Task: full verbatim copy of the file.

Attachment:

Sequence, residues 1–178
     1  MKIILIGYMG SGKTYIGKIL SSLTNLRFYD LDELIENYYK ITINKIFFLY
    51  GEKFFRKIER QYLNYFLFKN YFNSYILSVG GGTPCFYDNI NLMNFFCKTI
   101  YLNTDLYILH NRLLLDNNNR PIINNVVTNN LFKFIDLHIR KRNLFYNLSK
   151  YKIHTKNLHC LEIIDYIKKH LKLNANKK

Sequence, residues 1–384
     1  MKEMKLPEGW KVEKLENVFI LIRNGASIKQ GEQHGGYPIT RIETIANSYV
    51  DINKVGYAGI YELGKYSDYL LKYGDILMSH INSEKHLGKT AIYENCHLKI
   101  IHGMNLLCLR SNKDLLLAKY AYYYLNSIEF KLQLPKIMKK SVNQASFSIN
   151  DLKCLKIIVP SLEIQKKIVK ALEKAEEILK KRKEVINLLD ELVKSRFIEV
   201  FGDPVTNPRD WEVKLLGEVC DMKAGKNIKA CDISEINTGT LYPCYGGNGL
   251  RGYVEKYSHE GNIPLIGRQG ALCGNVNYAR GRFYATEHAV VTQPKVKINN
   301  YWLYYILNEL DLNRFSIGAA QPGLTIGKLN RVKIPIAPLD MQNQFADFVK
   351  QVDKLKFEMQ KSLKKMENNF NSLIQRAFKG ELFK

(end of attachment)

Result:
Sequence, residues 1–178
     1  MKIILIGYMG SGKTYIGKIL SSLTNLRFYD LDELIENYYK ITINKIFFLY
    51  GEKFFRKIER QYLNYFLFKN YFNSYILSVG GGTPCFYDNI NLMNFFCKTI
   101  YLNTDLYILH NRLLLDNNNR PIINNVVTNN LFKFIDLHIR KRNLFYNLSK
   151  YKIHTKNLHC LEIIDYIKKH LKLNANKK

Sequence, residues 1–384
     1  MKEMKLPEGW KVEKLENVFI LIRNGASIKQ GEQHGGYPIT RIETIANSYV
    51  DINKVGYAGI YELGKYSDYL LKYGDILMSH INSEKHLGKT AIYENCHLKI
   101  IHGMNLLCLR SNKDLLLAKY AYYYLNSIEF KLQLPKIMKK SVNQASFSIN
   151  DLKCLKIIVP SLEIQKKIVK ALEKAEEILK KRKEVINLLD ELVKSRFIEV
   201  FGDPVTNPRD WEVKLLGEVC DMKAGKNIKA CDISEINTGT LYPCYGGNGL
   251  RGYVEKYSHE GNIPLIGRQG ALCGNVNYAR GRFYATEHAV VTQPKVKINN
   301  YWLYYILNEL DLNRFSIGAA QPGLTIGKLN RVKIPIAPLD MQNQFADFVK
   351  QVDKLKFEMQ KSLKKMENNF NSLIQRAFKG ELFK